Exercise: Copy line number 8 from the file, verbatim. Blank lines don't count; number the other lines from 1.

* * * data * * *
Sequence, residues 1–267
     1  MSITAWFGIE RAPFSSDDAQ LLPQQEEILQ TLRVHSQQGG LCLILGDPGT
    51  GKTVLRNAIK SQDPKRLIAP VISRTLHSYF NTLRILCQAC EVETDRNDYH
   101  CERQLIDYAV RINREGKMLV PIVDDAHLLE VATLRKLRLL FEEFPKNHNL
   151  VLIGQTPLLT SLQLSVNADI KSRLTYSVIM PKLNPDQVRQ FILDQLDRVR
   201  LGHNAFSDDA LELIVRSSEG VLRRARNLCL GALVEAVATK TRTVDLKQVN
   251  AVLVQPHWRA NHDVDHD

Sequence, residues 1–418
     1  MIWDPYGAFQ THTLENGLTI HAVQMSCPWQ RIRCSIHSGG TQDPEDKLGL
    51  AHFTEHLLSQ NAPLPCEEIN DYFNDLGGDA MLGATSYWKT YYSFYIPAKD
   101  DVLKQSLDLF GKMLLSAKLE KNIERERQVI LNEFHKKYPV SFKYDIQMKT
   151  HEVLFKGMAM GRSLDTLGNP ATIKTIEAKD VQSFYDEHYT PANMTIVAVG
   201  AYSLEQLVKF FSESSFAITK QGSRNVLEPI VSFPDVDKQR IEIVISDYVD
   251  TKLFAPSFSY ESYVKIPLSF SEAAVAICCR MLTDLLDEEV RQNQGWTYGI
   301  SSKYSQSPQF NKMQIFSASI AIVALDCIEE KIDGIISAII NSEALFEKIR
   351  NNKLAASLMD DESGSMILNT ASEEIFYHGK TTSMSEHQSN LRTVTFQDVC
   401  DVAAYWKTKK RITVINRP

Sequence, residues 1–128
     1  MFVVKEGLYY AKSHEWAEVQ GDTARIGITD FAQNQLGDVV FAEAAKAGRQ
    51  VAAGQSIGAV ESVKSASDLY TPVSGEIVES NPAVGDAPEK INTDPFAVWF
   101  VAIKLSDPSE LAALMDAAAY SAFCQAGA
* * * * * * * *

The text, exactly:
Sequence, residues 1–418